Is running a country just too big a job for anyone?

You don’t expect people to take their political inspiration from Jon Bon Jovi. Or at least I don’t. Maybe that’s terribly presumptuous of me. Maybe some people do. ‘Tommy used to work on the docks/ Union’s been on strike/ He’s down on his luck, it’s tough/ so tough.’ Maybe that’s what got Tony Blair up

Any other business

Alternatives to poppy-farming and gun-slinging

I finally get to ask my question of the man who says he knows every statistic in a notoriously data-less country. ‘OK, mister-chief-statistics-officer-for-the-province,’ I say in my best Pashtu, with a little help from my ever-smiling interpreter. ‘Do you know how many businesses there are in Helmand?’ He gives a multi-syllabic answer. I wait keenly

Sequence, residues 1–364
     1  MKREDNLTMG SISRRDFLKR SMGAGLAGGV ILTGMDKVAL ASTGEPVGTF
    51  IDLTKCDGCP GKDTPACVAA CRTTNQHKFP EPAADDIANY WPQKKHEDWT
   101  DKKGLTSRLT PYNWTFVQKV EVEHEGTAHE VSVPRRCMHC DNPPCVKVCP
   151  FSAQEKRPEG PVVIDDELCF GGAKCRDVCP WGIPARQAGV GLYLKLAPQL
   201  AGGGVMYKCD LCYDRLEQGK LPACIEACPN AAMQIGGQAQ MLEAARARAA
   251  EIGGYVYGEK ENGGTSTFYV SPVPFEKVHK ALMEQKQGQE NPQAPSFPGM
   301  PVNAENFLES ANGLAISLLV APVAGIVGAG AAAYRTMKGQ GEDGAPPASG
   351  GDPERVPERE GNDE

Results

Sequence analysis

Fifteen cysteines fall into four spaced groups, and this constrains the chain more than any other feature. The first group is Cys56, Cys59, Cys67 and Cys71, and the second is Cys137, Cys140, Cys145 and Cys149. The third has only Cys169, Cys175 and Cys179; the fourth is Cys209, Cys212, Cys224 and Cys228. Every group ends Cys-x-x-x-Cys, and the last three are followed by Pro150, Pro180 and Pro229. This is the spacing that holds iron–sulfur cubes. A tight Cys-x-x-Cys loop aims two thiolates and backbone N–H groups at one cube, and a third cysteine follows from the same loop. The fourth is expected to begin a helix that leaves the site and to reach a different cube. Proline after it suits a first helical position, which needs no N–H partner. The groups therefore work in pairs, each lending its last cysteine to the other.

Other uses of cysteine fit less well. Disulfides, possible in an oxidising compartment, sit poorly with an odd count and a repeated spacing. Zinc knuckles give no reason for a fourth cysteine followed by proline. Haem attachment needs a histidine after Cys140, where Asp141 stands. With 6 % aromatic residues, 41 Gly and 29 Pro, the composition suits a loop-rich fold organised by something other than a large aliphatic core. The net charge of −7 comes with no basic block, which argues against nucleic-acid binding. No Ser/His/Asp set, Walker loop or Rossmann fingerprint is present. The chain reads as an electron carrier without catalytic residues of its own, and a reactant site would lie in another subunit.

Santander: the bank that escaped the credit crunch

Matthew Lynn investigates the rise and rise of the family-run Spanish bank that now has 24 million British customers — and wonders whether its story is too good to be true If ever a banking deal came with the curse of the black spot, it was the takeover of Dutch bank ABN Amro at the

In the boardroom | 14 November 2009

One of the oft-repeated excuses for high executive pay is the need to compete for top talent in an international market. A scan through a list of heads of FTSE 100 companies certainly shows just how many boards go abroad for their boss: 41 of the UK’s top 100 chief executives are foreigners, including three